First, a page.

Know Your Trinitarian Heresies (Part 2)

This will be our second look at a historical, heterodox understanding of the trinitarian God of Christianity, in an attempt to clarify our own understanding and guard ourselves against harmful doctrine. Once again, be sure to try to articulate for yourself precisely what is problematic about this teaching.

Today’s trinitarian heresy goes by the name of Adoptionism (or dynamic monarchism). The most formidable historic proponent of Adoptionism was a bishop known as Paul of Samosata, who was bishop of Antioch, which was located in modern day Syria, in the middle of the 3rd century. Paul of Samosata wanted to maintain a strict view of the “oneness” of God, like Sabellius (see yesterday’s post), but he went about it quite differently. To put it simply, he believed that Jesus was a man of unusual virtue or closeness to God who was adopted into divine sonship by the Father prior to the beginning of his ministry (at his baptism by John in the Jordan). Thus, For Paul of Samosata, the difference between Jesus and other men was simply one of degree of divinity, rather than any difference instrinsic to their being.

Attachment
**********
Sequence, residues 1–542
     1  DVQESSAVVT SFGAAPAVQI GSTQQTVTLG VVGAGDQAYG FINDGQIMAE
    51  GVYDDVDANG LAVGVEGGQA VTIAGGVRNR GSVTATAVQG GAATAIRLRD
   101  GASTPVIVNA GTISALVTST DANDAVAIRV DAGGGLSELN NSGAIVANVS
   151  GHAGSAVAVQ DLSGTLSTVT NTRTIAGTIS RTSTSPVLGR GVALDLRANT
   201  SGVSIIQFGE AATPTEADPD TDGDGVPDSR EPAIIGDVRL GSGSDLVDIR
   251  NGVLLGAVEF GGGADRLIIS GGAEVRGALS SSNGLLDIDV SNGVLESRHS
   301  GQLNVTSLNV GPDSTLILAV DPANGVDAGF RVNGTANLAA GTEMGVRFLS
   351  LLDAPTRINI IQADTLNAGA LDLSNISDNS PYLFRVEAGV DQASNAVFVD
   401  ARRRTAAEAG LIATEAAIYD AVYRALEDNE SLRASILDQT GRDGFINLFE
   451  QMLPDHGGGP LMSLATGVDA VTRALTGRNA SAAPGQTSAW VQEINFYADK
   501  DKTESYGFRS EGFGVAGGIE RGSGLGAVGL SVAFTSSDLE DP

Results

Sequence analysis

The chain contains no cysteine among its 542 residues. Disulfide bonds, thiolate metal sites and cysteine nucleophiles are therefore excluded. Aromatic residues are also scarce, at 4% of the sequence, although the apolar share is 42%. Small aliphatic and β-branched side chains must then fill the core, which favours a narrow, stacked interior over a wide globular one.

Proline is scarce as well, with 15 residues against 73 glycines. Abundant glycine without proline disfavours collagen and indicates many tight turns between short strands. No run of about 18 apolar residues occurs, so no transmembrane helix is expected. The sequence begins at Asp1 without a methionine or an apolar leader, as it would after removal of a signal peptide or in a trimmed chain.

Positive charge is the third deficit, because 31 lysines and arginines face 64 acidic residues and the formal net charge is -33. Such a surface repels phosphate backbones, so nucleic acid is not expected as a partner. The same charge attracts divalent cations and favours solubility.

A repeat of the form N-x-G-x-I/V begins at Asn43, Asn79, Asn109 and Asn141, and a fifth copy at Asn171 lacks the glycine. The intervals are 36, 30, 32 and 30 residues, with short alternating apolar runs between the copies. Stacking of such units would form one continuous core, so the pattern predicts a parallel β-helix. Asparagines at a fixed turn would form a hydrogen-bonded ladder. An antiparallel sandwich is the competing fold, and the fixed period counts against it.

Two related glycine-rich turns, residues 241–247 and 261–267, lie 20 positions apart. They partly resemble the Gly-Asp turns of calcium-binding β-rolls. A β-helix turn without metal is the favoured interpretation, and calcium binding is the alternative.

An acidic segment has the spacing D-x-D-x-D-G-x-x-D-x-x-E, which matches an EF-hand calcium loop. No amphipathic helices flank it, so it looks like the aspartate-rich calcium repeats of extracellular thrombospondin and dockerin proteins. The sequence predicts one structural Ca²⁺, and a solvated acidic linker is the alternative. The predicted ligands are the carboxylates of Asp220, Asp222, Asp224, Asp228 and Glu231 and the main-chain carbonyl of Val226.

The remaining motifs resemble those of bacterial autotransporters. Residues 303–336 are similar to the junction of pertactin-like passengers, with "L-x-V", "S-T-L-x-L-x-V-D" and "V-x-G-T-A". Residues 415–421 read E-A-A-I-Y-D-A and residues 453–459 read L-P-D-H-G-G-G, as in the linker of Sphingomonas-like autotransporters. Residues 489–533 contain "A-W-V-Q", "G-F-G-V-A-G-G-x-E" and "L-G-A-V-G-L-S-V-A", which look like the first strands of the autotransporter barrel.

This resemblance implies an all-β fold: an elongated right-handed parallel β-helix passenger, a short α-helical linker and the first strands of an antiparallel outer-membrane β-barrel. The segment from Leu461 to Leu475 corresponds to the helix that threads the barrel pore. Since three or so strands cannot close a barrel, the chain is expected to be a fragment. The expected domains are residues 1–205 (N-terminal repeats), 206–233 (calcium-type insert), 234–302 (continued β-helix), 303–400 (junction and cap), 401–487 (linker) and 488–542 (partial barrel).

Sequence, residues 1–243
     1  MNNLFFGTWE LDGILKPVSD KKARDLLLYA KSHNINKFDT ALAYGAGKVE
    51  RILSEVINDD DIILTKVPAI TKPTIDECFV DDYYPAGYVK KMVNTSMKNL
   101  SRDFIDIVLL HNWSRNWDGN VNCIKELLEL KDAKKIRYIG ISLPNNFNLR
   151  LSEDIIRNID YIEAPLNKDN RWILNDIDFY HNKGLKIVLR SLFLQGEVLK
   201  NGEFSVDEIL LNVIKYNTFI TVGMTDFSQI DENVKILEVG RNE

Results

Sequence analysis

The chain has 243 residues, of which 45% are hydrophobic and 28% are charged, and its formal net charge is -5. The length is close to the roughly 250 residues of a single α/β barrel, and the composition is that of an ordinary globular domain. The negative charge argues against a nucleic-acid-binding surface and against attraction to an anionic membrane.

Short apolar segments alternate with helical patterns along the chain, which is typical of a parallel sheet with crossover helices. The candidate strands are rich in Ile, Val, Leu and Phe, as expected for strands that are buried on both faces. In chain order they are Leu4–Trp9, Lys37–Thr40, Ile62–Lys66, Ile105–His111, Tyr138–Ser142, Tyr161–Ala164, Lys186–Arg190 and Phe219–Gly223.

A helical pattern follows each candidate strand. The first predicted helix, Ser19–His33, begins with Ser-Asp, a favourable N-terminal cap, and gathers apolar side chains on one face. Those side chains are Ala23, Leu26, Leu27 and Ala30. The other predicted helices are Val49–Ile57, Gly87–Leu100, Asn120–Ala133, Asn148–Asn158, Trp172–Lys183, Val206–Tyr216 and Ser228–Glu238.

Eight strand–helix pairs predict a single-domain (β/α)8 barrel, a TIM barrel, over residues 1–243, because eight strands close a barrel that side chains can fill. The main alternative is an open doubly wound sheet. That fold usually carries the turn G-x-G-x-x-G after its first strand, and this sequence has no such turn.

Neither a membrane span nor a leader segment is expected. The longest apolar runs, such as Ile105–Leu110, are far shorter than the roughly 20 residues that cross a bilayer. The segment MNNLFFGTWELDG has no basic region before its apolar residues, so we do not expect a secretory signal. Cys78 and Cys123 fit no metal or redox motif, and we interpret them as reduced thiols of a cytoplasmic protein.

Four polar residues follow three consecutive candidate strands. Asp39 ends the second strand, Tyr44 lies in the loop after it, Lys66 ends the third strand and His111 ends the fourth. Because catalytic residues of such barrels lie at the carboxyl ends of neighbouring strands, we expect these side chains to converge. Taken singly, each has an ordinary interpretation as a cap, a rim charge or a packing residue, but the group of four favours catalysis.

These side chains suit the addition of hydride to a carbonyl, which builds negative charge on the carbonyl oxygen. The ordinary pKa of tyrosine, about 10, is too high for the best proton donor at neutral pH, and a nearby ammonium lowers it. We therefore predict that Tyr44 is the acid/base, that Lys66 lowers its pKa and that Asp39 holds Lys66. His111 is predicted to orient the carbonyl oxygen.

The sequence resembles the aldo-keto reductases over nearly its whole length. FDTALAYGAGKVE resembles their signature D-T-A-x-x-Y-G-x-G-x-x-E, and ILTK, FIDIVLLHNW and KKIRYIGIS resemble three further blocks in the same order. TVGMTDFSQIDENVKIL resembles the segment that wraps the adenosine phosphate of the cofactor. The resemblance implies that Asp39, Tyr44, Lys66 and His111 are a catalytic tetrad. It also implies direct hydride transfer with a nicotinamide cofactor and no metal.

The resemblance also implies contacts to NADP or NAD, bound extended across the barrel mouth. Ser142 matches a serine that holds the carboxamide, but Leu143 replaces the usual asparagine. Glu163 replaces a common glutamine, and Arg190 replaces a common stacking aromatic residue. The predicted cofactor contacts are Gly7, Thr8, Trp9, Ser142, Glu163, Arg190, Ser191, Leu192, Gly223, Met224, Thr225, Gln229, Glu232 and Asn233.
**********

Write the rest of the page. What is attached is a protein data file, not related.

Adoptionism has come to be in vogue again among many liberal theologians, because it does not require something as strange as the incarnation of God to explain what Jesus is. How does this view differ from orthodox trinitarianism? Is there anything inherently dangerous about this view?


2 thoughts on “Know Your Trinitarian Heresies (Part 2)”

  1. Of course the most dangerous implication of this view is that a natural man can be righteous in and of himself. If Jesus was just a man and could be perfectly righteous before God then righteousness can actually come by the law, making the death of Christ superfluous.

    If, however, Jesus is held in this view not to be sinless, just well above average, then that does great violence to our understanding of God’s holiness. If Jesus had sin and God could overlook that, why couldn’t he overlook all sin? Either way you slice it, this view makes Christ’s sacrifice redundant at best.

  2. Well said, Matt. I hadn’t really worked out the hamartiological and soteriological implications of adoptionism – that’s really interesting. I was focusing in on the violence it does to the biblical witness to the person of Christ, but to think in terms of the broader ramifications is important as well.

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